Breathe in, “I am love.”
Breathe out, “I am becoming.”
At this point in her life, Kylee was unsure of who she wanted to be and felt a lack of confidence in her abilities. Often wondering, “why me?” when she was chosen for things such as the managerial position at her yoga studio, she chose to focus on loving and appreciating herself more. Her intention, the mantra that came along with it, and the labradorite provided her with small reminders that she deserved to be where she was. Over time, when she saw the gem in the mirror, it began to remind her of how far she had come.
After her first year with her the gem on, she remembered wondering why it hadn’t fallen off. “I felt so much more comfortable with who I was, what I was doing, and where I was… so why was it still on me?” She said each summer she thought the same thing and wondered why it was still around her neck, above her heart. At 21, Kylee said her entire life changed again. This was when she realized that she had not yet reached her intention. “I wasn’t giving myself enough love.”
At this point in our conversation, I wondered if Kylee ever experienced moments where she wanted to take it off. She responded, “I was so dedicated to wearing it until it fell off that it was never an option to cut it off.”
Hearing Kylee’s dedication to her intention has reinforced my own dedication to my own intention. I have now also created a mantra for myself. I use it when I go on walks and runs in the mountains, in yoga, and when I feel that I need a little extra strength. I have never considered taking off my citrine gem, although it’s only been with me for a handful of months at this point. I’m sure there will be points where I feel like I’ve completed my intention and will wonder why it still sits about my heart. When this happens, I will remind myself of Kylee’s story and how she preserved through her journey of self-discovery.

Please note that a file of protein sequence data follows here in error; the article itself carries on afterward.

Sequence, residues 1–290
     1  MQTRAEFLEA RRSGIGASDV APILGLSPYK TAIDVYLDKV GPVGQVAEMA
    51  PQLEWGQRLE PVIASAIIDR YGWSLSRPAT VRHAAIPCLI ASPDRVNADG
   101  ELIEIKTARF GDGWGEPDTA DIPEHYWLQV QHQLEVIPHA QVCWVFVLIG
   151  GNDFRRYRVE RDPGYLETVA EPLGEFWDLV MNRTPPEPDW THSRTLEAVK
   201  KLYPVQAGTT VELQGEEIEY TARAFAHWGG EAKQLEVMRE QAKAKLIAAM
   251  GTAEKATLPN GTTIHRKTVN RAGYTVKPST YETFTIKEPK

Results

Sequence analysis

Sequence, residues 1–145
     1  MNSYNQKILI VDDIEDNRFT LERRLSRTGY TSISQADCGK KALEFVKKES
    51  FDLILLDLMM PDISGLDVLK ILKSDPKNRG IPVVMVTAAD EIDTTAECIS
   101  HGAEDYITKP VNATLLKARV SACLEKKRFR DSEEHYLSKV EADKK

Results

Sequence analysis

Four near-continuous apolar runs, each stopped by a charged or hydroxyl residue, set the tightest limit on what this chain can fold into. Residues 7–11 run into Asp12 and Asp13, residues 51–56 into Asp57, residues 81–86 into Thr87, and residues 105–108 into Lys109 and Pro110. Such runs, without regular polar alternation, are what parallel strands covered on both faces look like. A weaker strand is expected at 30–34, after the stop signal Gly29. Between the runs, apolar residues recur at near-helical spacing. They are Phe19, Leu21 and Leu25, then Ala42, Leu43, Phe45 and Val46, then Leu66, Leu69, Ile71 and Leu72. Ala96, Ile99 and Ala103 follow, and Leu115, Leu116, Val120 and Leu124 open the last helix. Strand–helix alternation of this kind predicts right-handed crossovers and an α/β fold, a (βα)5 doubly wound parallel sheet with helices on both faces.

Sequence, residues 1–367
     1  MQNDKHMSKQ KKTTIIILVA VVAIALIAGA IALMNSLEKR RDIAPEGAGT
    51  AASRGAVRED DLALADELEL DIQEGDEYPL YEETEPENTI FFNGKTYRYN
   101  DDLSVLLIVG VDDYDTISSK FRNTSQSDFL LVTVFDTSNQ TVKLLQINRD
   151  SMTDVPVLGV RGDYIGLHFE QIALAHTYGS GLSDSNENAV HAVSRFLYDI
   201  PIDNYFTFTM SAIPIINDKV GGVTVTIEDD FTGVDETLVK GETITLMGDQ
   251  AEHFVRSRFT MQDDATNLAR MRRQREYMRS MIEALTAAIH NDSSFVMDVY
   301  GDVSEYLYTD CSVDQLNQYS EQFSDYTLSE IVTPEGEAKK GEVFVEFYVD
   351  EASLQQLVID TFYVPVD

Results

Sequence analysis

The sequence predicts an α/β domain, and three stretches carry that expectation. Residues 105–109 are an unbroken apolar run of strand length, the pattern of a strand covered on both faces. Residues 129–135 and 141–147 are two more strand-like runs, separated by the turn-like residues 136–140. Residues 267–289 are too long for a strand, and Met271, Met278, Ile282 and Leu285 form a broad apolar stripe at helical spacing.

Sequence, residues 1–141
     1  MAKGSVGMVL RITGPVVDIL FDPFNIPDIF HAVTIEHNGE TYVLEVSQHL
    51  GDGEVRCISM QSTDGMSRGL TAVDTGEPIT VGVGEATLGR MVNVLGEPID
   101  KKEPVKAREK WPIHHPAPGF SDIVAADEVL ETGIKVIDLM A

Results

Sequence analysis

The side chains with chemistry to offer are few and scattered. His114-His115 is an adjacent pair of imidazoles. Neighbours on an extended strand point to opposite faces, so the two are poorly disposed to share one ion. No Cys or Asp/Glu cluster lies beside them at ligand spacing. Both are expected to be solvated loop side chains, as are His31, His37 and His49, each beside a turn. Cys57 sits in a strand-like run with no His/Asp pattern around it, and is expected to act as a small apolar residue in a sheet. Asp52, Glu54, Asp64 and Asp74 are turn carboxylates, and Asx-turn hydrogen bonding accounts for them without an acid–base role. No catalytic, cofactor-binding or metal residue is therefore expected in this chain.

On her 24th birthday, surrounded by her family and boyfriend, the gem fell off. “I started to cry. Not because I was sad, but because there was some sort of emotional release.” Kylee says it feels different without the labradorite near her heart, but that she keeps it in a small box with other things like a button from a jacket she loved. “Freshman year I drew a sketch of a van during my microeconomics class, and I realized that I’m doing that right now. I feel very sure of who I am and who I want to be.” Kylee recalled that everything in that moment felt very true. She concluded her story by sharing, “I’ve never loved myself as much as I do now. I act out of love for myself rather than seeking validation from others. This gem has taught me to be more intentional in the way I think and live. I used to be so good at doing what others told me to do, but now I feel like I care more about my happiness and options of myself rather than those others may have of me.”
Oftentimes, we come to places in our lives in which we feel that we have figured everything out. After listening to Kylee’s story, I was reminded that it is rare that we are ever aware of when we have reached that point of having ‘everything figured out.’ Kylee’s story is about self-discovery through self-love. I see her story as one of trust. Trust in yourself, the sketches that always appear in the corners of your notebooks, the ideas you have always dreamed of, and that the universe is there for you.